How did the buildings at Delphi disappear?
In the ancient Mediterranean, paganism was outlawed in 391 AD. Following this, during the fifth and sixth centuries AD, houses, ceramic workshops, ovens and at least two cisterms were built over Delphi's athletic compound. Blocks from the temple of Athena were being removed and homes were being built first in the areas to the west and east of the temple of Apollo, and later in the temple itself. Monumental dedications were themselves turned into houses, and a number of fairly wealthy houses and baths have been identified. There was a gradual movement towards Christian worship at Delphi and there is evidence of at least three basilicas.
To cut a long story short, in 1880, France made an informal agreement with Greece to excavate, but when negotiations took rather longer than expected, archaeologists from Germany and America joined in. France was finally successful and agreements were signed in 1891. Work began in autumn 1892 with the first task being the relocation of the village of Castri: 1000 building plots with 300 owners. I found this particularly fascinating to read about, and if interested, I would recommend the final two chapters of Scott's book which deal with this phase of Delphi's history in detail.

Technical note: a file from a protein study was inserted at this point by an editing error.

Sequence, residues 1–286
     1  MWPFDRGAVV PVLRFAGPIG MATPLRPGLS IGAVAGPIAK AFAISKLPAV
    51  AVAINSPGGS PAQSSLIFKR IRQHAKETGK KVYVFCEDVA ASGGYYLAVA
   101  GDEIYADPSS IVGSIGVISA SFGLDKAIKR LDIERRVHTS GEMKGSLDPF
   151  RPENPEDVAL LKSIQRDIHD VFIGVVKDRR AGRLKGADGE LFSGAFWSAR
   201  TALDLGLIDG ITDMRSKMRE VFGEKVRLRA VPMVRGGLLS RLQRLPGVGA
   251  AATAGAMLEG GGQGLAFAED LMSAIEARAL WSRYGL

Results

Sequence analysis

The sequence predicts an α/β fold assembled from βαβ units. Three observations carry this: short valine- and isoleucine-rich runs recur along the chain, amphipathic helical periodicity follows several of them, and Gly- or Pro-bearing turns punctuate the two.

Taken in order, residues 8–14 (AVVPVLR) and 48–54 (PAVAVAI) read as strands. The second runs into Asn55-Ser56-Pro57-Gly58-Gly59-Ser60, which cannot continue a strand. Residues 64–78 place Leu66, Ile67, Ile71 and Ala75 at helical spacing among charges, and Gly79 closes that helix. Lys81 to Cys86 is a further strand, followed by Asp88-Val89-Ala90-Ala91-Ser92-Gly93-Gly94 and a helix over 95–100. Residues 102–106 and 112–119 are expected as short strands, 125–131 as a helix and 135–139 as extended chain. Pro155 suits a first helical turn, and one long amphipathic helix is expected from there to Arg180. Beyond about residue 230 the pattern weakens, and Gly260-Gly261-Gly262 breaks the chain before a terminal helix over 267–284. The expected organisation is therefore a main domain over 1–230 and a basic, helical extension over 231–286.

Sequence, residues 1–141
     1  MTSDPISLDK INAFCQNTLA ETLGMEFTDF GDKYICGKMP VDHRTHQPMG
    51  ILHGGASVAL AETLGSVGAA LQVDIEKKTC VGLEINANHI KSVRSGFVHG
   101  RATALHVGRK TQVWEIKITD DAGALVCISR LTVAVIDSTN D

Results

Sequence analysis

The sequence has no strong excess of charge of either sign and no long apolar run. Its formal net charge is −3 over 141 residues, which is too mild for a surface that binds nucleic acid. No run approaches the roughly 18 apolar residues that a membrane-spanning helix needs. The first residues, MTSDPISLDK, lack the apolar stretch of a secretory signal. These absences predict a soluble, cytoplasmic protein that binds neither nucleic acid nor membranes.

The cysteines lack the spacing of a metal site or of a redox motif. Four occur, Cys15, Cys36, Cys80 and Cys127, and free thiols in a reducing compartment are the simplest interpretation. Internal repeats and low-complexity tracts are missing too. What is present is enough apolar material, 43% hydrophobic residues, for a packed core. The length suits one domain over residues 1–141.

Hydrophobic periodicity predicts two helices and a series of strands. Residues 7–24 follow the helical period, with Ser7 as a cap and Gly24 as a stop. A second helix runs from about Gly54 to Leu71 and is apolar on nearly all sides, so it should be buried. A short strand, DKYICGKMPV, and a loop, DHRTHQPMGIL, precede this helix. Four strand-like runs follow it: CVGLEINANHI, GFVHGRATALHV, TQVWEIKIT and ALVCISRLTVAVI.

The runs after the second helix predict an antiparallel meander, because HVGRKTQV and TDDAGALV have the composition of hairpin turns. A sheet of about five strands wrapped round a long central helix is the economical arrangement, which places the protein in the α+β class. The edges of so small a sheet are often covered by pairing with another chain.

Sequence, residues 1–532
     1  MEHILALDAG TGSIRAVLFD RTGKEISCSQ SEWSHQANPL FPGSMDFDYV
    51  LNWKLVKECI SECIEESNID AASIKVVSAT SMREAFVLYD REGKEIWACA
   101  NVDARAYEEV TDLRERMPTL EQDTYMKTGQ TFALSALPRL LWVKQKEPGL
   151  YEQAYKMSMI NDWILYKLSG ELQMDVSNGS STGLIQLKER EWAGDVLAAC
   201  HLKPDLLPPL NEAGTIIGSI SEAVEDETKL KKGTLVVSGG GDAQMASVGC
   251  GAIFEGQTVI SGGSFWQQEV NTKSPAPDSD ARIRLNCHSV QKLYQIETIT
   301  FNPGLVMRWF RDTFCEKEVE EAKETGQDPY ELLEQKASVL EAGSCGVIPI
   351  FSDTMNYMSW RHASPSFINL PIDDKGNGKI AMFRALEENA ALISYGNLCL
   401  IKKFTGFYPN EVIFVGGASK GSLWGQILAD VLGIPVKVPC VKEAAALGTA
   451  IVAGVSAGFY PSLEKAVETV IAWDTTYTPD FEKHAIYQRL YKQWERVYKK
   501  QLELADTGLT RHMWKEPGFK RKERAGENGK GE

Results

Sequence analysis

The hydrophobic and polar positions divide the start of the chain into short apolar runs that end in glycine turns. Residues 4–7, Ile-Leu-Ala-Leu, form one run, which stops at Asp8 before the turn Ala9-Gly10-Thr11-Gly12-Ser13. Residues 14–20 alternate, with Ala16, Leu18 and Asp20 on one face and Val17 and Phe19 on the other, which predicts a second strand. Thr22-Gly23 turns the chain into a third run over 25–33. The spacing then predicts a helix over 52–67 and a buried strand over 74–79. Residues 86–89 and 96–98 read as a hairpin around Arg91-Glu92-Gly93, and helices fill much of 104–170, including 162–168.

This brings me to our forthcoming Delphi course, in which Dr Kolotourou will examine the history and changing character of Delphi as a centre of worship from its beginnings in the early first millennium BC to its decline in late antiquity. She will use a wide range of material and literary sources and the class will examine the physical remains of the sanctuary. Participants will consider the religious activities that took place in the sanctuary, how the sanctuary was governed, and how the oracle operated.
A few places remain on this 6-week course starting on Thursday 20th October, 8-9pm UK time. Fees are £42 for the course. All material will be provided and no knowledge of ancient Greek is required. Click the button to register.